One of the potential bombshells in last week’s FOIA dump appears in a CIA discussion about a potential statement in response to NYT’s breaking of the torture tape story (PDF 86). The document notes that the videotapes would have shown the sheer number of times the torturers waterboarded Abu Zubaydah, and suggests that that may have presented legal problems. The document continues that someone (it appears to be the torturers) informed DOJ of the real number of times they waterboarded AZ, but CIA had no proof.
Jay Bybee’s 1 Aug 2002 memo to John Rizzo stated, in part, “Moreover, you have also informed us that although some of these techniques may be used with more than once, that repetition will not be substantial because the techniques generally lose their effectiveness after several repetitions.” (p. 2) and again, “You have indicated that these acts will not be used with substantial repetition, so that there is no possibility that severe physical pain could arise from such repetition.” (p.11). The OIG review determined that Abu Zubaydah was subjected to [redaction] waterboard sessions, consisting of at least 83 separate exposures [half line redacted] assured us that he gave regular updates to DoJ (i.e., John Yoo [few words redacted] at OLC) during this time frame, and DoJ was aware of the real numbers, but we were never able to verify this with DoJ, as INV management at the time elected not to interview witnesses outside the building. In addition to the disparity in numbers, the method of water application as recorded in the tapes was at odds with the Bybee opinion. [my emphasis]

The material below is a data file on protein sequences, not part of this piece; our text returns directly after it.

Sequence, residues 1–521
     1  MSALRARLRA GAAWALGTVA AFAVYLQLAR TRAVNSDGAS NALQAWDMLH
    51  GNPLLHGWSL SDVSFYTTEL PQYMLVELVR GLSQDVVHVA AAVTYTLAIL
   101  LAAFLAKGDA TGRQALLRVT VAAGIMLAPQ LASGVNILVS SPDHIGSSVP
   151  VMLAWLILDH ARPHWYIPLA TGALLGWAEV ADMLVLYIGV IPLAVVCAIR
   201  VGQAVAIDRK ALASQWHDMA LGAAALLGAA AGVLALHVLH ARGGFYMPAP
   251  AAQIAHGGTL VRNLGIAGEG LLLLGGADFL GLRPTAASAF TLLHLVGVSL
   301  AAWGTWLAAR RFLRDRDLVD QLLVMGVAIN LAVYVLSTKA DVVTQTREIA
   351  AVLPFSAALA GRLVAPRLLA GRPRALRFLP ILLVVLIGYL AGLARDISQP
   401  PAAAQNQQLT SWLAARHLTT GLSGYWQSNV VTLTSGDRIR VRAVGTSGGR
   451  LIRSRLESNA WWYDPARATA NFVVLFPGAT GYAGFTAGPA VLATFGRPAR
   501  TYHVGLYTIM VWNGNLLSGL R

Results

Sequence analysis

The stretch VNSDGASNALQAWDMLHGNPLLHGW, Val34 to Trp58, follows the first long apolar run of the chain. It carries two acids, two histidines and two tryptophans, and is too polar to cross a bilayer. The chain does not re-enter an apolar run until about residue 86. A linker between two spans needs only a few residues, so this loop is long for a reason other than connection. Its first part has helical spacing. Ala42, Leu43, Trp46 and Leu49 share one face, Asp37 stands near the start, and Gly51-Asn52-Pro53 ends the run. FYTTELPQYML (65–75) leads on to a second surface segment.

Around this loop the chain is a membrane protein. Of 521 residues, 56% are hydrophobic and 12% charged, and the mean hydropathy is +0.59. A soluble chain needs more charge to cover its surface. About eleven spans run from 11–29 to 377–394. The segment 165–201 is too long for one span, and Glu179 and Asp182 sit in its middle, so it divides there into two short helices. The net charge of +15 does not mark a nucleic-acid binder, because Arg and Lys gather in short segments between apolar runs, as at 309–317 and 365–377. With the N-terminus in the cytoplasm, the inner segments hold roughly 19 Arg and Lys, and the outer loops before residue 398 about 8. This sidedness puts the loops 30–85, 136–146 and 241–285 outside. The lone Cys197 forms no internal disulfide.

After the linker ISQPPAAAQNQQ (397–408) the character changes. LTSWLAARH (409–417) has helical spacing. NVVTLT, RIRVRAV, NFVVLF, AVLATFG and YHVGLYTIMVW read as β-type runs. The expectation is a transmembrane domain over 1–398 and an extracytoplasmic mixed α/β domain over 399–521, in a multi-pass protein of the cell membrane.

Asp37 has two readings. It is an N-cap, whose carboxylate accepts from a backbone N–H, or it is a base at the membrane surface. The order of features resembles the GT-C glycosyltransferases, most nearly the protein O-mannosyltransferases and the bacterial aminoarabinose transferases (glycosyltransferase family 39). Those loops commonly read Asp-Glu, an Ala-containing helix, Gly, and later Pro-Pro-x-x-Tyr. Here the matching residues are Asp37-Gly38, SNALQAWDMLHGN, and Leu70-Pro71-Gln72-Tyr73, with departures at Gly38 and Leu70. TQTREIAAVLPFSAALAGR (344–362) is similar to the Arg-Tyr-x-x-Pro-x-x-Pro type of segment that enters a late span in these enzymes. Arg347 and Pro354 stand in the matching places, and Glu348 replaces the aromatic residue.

That is, one problem with the videotapes is that, unless the torturers really did inform Yoo (and, I’m guessing, Jennifer Koester) about how and how many times they really used waterboarding then they would have been in violation of guidelines from DOJ.
The statement, by itself, is inflammatory enough. But particularly in light of what Yoo said to OPR in interviews conducted during the summer of 2005.
He told us during his interview: “I had actually thought that we prohibited waterboarding. I didn’t recollect that we had actually said that you could do it.” He added:
[T]he waterboarding as it’s described in that memo, is very different than the waterboarding that was described in the press. And when I read the description in the press of what waterboarding is, I was like, oh, well, obviously that would be prohibited by the statute.
Now, granted, Yoo is not addressing the number of repetitions of waterboardings. And he points to the depiction of waterboarding in the press, not the depictions of waterboarding that appeared in the CIA IG Report (which, as it happens, matches the descriptions in the press with regards to volume of water and forced ingestion of it). So Yoo, as is his wont, has left some wiggle room here.
But he seems to suggest surprise that he had actually authorized the use of waterboarding.
As implausible as that is, assuming he simply forgot the phone call he made to John Rizzo on July 26, 2002 personally authorizing waterboarding and then forgot reviewing the extensive descriptions Koester wrote into the Bybee Two memo, it strains credulity if Yoo was actually receiving updates from Thailand. Imagine how such an exchange might play out:
“Oh, by the way, John. We set a new record for ‘pours’ during one waterboard session! We drowned that motherfucker 27 times in today’s session!”
“Wha–What? I thought we told you not to use that medieval torture technique!”
John Yoo was playing (or actually was) dumb about the use of waterboarding in the months before CIA destroyed the torture tapes. Yet someone–perhaps Bruce Jessen or James Mitchell–claim they kept DOJ generally and Yoo specifically in the loop of what they were doing.
Someone is not telling the truth. Who is it?